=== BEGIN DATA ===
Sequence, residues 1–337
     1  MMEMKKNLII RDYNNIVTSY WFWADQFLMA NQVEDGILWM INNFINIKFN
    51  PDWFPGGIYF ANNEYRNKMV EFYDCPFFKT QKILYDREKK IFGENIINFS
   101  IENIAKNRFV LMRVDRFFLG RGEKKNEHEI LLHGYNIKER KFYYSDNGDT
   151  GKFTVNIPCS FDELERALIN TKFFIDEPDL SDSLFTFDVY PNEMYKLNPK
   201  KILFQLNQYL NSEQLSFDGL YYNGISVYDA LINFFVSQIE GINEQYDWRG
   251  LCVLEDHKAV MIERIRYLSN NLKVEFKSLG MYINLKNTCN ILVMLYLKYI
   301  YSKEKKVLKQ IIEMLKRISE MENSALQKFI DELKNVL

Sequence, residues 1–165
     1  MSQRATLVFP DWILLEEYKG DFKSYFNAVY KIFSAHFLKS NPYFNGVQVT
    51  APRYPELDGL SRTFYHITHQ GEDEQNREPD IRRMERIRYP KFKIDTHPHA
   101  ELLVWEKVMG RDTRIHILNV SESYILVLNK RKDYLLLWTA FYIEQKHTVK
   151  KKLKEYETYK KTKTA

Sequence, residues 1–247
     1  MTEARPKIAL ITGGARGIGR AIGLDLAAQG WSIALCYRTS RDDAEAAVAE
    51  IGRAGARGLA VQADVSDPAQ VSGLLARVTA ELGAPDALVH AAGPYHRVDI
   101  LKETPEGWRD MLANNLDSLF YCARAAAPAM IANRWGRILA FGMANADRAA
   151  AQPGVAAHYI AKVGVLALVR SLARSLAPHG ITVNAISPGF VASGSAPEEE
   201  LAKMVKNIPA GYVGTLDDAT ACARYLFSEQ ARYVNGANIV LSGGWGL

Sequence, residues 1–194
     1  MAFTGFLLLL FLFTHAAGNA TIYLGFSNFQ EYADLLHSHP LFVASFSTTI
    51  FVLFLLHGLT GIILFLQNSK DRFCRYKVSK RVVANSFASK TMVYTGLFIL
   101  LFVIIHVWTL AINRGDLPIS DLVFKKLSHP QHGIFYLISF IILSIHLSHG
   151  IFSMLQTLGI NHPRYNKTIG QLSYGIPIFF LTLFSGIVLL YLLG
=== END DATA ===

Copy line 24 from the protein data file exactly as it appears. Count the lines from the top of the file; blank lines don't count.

   151  IFSMLQTLGI NHPRYNKTIG QLSYGIPIFF LTLFSGIVLL YLLG